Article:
Newspaper Advertisements include Domestic Traffic, Runaway Ads & Committal Notices

Newspapers (listed alphabetically):

Newspapers are some of the most useful tools to document flight during the Antebellum Era. Subscribers placing either runaway advertisements or committal notices utilized periodicals as a public forum to appeal for the return of their property. The newspapers stripped for this project range from the 1730's to1864 and come from numerous counties throughout the state, as well as Washington, DC and Virginia. Each advertisement is unique and can include important information such as: the names of slaves and their owners, date of flight, state and county of flight, reward for apprehension, physical attributes of the fugitive and likely destinations.

Domestic Traffic Ads

For the purposes of this project, domestic traffic is defined as the interstate and intrastate trade of enslaved men, women, women and children. Similar to runaway ads and committal notices, domestic traffic ads were a means of communicating to the general public the subscriber’s desire to buy or sell a slave(s). Ads could be placed by private slave dealers and agents, gentry in need of domestic help, yeomen in need of extra field hands, or a public sale of an estate by the orphan’s court.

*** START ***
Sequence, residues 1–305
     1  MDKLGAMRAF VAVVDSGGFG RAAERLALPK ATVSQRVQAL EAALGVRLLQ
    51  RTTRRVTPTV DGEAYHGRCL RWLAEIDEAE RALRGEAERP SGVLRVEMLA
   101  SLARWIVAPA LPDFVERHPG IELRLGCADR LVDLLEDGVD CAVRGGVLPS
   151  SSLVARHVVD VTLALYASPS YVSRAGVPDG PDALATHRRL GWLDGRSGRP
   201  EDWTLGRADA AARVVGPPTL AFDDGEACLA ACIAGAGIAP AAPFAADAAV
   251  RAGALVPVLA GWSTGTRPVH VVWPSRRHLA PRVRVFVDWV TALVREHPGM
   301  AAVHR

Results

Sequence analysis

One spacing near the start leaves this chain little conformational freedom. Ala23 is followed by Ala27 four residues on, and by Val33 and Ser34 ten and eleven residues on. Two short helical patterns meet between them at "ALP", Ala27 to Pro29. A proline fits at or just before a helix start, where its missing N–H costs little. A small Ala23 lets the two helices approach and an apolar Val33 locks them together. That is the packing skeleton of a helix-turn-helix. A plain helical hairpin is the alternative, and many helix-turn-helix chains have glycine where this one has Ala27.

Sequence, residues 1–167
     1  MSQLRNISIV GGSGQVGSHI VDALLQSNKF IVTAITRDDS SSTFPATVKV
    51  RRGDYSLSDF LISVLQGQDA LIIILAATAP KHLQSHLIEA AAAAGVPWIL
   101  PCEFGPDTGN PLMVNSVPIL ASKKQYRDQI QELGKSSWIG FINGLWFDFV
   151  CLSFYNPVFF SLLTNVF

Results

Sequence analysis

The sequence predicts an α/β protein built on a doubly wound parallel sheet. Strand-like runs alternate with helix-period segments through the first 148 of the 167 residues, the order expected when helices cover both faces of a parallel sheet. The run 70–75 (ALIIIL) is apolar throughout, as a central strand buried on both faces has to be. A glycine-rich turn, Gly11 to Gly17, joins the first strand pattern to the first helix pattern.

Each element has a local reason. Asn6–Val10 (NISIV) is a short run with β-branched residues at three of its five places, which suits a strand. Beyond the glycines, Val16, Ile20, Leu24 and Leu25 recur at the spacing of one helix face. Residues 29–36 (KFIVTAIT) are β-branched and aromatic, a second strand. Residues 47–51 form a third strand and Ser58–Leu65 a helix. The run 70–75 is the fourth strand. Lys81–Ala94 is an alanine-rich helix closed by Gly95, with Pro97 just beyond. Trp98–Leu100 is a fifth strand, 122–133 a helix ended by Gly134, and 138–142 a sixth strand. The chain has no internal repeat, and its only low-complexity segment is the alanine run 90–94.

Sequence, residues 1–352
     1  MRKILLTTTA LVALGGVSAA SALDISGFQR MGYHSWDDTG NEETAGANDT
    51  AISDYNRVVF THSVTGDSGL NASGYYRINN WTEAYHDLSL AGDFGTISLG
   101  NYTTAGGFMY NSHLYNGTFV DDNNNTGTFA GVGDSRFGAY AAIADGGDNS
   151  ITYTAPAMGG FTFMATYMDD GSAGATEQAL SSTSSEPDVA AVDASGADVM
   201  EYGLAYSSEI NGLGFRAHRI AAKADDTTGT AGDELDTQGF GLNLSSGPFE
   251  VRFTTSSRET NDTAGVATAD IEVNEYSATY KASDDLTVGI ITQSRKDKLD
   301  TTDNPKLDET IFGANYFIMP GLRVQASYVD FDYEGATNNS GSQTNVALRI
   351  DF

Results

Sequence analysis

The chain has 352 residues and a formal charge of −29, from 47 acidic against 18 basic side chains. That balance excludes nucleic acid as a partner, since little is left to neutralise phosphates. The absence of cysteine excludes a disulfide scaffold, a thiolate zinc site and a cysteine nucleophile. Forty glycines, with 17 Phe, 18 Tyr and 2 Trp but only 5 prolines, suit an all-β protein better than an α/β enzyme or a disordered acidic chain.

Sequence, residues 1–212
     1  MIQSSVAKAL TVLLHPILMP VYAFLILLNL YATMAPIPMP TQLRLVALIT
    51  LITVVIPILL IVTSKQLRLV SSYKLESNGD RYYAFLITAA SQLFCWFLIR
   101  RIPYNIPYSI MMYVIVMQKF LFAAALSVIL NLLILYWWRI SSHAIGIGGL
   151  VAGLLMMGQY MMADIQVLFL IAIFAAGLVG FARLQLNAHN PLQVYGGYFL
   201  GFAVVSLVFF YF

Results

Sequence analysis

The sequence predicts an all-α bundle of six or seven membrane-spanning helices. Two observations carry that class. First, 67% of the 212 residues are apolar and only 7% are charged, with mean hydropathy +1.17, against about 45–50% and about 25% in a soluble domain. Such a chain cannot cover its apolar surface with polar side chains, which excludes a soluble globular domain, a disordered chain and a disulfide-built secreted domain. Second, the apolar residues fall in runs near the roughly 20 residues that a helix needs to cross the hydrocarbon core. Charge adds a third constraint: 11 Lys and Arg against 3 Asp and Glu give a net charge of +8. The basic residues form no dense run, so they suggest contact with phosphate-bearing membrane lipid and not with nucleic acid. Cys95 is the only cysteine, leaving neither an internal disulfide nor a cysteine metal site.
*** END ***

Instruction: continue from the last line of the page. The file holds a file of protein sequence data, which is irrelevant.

Please note, for the purpose of citation, an example of MSA archival citation is: Special Collections (Newspapers), title of press, date, and MSA SC ####.

American and Commercial Daily Advertiser (1802-1853) MSA SC 3392
American and Commercial Advertiser (1854-1856, 1861-1869) MSA SC 4149, 4148
American and Daily Advertiser (1799-1802) MSA SC 2832